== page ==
The threat of imminent famine hangs over the people of Gaza; aid urgently needs to get into the country and to be safely distributed. With the deaths of those three UK charity workers, working for World Central Kitchen, will the Prime Minister confirm whether he has received a written apology from the Prime Minister of Israel?

I spoke explicitly to the Prime Minister of Israel, who did that when I spoke to him the very next day. We have made absolutely crystal clear our concerns about what has happened, and as I have previously pointed out, we are now looking through the preliminary findings. We are pleased to see the early suspension of two officers involved; now what we need is reform of Israel’s deconfliction mechanism to ensure the future safety of aid workers.

In speaking to the Prime Minister of Israel this evening and calling for restraint, will the Prime Minister put that into action? Should the Prime Minister of Israel say that he will further assault Gaza or impede aid, will the Prime Minister action that restraint and call for an immediate ceasefire?

We have already called for an immediate humanitarian pause so that more aid can get in and hostages can be released. As I say, we have tripled our aid commitment, and are bringing aid in by air, land and sea, together with our allies.

Over 33,000 Palestinians have been killed in Gaza, including 14,000 children. Some 76,000 civilians have been injured or maimed and 700 healthcare and aid workers have been killed. There is an ongoing famine, and the UK Government under the Prime Minister’s watch are now trying to find ways around the Israeli blockade that is preventing aid from getting in; is that not in itself an admission that the ongoing Israeli actions are disproportionate, and should we not be calling them out as such?

We have been consistently clear that we are concerned about the humanitarian situation in Gaza. We have called on the Israelis to open up more aid corridors and have them open more often; they set out a series of steps just recently, and now we want to see them deliver on those.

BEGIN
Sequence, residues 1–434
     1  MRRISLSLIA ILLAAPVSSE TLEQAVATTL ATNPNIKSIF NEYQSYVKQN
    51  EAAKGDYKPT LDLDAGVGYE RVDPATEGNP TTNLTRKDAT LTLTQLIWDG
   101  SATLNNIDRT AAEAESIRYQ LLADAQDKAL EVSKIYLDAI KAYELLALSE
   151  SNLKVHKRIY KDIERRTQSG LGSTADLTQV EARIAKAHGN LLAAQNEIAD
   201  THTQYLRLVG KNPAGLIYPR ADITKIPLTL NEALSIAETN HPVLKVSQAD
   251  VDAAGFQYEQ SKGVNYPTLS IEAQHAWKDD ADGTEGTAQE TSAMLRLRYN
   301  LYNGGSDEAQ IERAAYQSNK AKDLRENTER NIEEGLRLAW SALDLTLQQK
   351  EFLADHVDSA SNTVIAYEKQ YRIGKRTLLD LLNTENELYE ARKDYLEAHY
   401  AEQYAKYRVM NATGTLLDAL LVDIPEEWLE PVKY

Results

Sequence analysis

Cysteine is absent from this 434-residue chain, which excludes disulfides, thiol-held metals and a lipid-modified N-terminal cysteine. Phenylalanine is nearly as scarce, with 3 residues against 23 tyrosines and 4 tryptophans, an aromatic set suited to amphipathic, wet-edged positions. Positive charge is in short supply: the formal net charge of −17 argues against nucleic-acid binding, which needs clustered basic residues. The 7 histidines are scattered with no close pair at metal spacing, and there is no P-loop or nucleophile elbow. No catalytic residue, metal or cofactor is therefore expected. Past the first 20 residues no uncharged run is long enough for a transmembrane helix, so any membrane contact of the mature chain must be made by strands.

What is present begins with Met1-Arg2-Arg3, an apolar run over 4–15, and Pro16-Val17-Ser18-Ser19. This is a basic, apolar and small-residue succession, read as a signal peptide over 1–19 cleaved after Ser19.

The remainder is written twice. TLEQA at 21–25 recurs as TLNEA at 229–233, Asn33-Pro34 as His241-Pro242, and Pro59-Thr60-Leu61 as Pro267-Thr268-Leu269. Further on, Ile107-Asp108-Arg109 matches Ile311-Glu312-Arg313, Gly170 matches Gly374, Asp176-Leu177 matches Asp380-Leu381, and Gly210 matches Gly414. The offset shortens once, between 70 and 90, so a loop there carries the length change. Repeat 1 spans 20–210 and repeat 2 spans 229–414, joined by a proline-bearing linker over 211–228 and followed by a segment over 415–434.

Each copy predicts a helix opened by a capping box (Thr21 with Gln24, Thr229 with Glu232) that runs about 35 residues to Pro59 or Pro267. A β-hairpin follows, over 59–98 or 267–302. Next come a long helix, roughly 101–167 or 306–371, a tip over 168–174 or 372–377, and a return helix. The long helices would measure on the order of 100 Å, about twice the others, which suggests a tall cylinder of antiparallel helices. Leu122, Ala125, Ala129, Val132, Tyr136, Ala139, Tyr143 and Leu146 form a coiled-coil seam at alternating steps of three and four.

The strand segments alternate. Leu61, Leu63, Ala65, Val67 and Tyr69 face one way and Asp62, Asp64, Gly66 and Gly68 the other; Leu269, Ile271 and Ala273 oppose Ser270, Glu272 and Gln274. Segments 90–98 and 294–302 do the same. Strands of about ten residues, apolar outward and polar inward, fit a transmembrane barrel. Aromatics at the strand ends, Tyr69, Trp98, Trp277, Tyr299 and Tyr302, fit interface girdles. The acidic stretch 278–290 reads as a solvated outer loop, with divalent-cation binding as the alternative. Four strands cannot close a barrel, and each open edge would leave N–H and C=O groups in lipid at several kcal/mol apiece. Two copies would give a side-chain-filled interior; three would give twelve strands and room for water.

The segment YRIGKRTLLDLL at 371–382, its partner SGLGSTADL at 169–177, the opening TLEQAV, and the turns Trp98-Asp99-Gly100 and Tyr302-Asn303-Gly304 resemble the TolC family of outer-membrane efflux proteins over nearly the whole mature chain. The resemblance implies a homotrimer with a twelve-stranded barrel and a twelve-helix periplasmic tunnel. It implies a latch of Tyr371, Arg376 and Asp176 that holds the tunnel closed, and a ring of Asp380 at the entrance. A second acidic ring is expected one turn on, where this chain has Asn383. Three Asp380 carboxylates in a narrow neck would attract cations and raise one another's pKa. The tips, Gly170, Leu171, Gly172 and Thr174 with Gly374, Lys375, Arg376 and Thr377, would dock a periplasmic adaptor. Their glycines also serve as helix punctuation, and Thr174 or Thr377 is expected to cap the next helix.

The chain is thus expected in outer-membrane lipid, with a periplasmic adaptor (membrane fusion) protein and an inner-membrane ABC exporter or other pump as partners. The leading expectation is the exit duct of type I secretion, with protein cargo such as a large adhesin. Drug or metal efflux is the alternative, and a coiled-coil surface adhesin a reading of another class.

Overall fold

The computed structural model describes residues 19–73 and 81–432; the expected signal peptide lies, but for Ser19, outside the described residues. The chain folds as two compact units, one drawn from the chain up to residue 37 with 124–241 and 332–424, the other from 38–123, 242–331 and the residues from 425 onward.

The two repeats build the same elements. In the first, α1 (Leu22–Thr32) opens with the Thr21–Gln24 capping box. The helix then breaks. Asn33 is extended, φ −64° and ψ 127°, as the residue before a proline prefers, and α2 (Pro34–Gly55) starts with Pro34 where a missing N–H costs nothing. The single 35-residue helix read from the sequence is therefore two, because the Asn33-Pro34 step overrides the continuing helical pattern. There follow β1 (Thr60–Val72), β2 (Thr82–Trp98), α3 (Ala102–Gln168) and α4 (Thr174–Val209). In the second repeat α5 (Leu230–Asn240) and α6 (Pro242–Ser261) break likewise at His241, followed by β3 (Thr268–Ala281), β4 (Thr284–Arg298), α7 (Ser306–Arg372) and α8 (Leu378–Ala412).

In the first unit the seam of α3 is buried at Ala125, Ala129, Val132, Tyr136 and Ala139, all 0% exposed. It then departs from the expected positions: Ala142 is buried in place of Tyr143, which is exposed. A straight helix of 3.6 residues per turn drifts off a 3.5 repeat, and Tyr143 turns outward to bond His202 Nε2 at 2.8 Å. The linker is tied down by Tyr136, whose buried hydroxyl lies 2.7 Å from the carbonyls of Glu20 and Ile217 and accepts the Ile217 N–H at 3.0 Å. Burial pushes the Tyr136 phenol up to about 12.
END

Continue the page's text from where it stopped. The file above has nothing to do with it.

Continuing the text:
The middle east is in a crisis, and I and thousands of my Riverside constituents have been calling for a ceasefire to end the destruction in Gaza and prevent a widening conflict in the middle east. The Prime Minister has talked about diplomatic action towards a two-state solution. Can he say what action he is taking against the far-right Ministers in the Israeli Government who are opposed to a two-state solution?

We have been very clear that our view is that we should have a two-state solution, and we are making sure we do everything we can to contribute to that aim.

On the wider humanitarian crisis in Gaza, there is now a famine across the area. In response to a question from my hon. Friend the Member for Battersea (Marsha De Cordova), I think the Prime Minister said that he has received the interim report on UNRWA and that in due course he will receive the final report. Will he publish the interim report, and if not, why not? With Canada, France, Finland, Australia, Sweden and the EU having now restored funding, why does the UK stand alone?

When it comes to UNRWA, it is the UN that is publishing the expected final reports towards the end of April. After receiving them, we will clarify and set out the UK’s position on future funding.

First, I thank the Prime Minister very much for his decisive action in support of Israel, and I thank our world-class Royal Air Force for preventing further loss of life. Just last week, I had an opportunity to be in Israel to visit the kibbutz where the people—innocent Jews—were murdered. I went to the site of the Nova music festival, where over 1,000 Israelis were murdered, and I spoke to some of those families.

On Hamas and their sponsorship by the IRGC, does the Prime Minister agree that Hamas and the IRGC can be likened to cancer, and that to save life throughout the middle east and to retain stability the cancer of Hamas and the IRGC needs to be removed urgently by all means necessary?

The hon. Gentleman is right to point out the destabilising impact of Iran across the region, including action through proxies such as Hamas, the Houthis and others, and we will do everything we can to counter that threat.

Our constituents will always want us to think about the second-order consequences of British military action. When the Government deployed the RAF to defend civilians in Libya, a full parliamentary debate was held afterwards and a vote was granted to Members of this House. That was in line with the convention that has been observed for most of the last 20 years. Will the Government grant Members a full debate and a vote on British military action, even after the action has happened?

No, I do not believe that is necessary. I am obviously here answering questions. It is my job to take action where I believe it is necessary, and it is the job of Parliament to hold me accountable for that. But it was right that we moved quickly to respond to an immediate and dangerous threat. Publicising any action in advance would undermine the effectiveness of the operation. We acted in line with precedent, and we have also made very clear and public statements that we will not hesitate to protect our allies.

I thank the Prime Minister for his statement. I suspect there will be a slight change of personnel before the next statement.